September 1997, the Foundation established a shelter for street children
and orphans in Ulaanbaatar. The shelter consists of six residential gers
(the traditional felt tent of the Mongolian peoples), one guard ger, an
office ger, two joined gers acting as cookhouse and dining room, and one
large community ger. In addition, a 40-foot container, which was sent from
Ireland full of clothes and medical supplies, has been transformed inside
into a shower house with showers, toilets, hand basins and a laundry area.
residential ger is staffed by a Ger Mother, often a single parent herself,
who creates a loving home for the children. Older children help to care
for the younger, and assist their ger mother with simple domestic chores.
At school age the children are enrolled alongside their peers at the local
district school: learning within the community and gaining vital
qualifications for later adult life.
below school age attend the Foundation’s kindergarten, constructed in
2002 on land adjacent to the Ger Village with funds generously provided by
CNCF Belgium and staunchly supported for many years by Wetherby School in
London. The kindergarten also serves the wider community and provides
invaluable pre-school education to children of local families.
Ger Village is on the outskirts of Ulaanbaatar and is enclosed with a
large 'Hasha' (fence), which helps create a small community atmosphere.
CNCF doctors visit several times per week, and a team of two Managers,
both themselves qualified doctors, are constantly on-hand to advise,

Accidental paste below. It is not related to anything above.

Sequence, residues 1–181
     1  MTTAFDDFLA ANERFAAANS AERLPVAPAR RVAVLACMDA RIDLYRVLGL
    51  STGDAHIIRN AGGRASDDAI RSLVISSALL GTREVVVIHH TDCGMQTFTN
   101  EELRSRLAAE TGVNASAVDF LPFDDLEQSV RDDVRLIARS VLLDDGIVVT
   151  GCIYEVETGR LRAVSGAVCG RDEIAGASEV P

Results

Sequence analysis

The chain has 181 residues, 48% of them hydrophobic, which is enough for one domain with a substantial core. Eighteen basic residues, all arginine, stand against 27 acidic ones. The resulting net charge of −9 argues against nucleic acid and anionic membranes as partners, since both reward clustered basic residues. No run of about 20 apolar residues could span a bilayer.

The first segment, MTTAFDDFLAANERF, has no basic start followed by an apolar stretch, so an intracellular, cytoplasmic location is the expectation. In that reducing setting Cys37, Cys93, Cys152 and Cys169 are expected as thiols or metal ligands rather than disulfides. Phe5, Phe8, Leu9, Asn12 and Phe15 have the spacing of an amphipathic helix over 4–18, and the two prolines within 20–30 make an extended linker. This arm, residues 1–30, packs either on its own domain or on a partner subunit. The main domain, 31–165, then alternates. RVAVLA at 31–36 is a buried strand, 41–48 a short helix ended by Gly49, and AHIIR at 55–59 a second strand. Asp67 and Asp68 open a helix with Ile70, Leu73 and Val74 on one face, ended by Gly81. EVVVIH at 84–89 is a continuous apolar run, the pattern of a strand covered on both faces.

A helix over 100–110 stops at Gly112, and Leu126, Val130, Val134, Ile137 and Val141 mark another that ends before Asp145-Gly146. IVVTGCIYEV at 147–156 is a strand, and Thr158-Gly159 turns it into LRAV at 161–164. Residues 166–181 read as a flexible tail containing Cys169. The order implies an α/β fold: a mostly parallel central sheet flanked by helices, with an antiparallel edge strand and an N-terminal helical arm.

protect and encourage the children. There are monthly outings, occasions
of great excitement and joy.
possible the Foundation seeks to reunite children with their families and
assist the family face the future together through mutual love and
In the course of our research into
the plight of children in Mongolia, a major need became apparent. The
prison system in Mongolia owes much to the Russian concepts of punishment,
and largely ignores ideas of rehabilitation, even for children in prison.
Many imprisoned children were not educated in any way. No help was given
in terms of post-release adjustment, counseling, or suggestions on how to
become independent. All this came to the attention of the Foundation when
we met a 17-year old boy who had just been admitted to the prison, less
than three months after he had been released. He said that prison was the
only life he knew or understood and so he had committed a crime to get
There is one Children's Prison in
Mongolia and it accommodates boys only. Girls are held in a separate unit
in the Women's Prison. CNCF provides full-time education at the Boys’
Prison and Foundation teachers work three days a week at the Girls’
Section of the Women’s Prison. Most children incarcerated in prison
arrive illiterate and so concentration is on reading, writing and
mathematics. The children study hard and many feel that the classes help
them to forget that they are in prison. Teaching literacy has a profound
effect on the children. They feel proud of themselves and can, at last,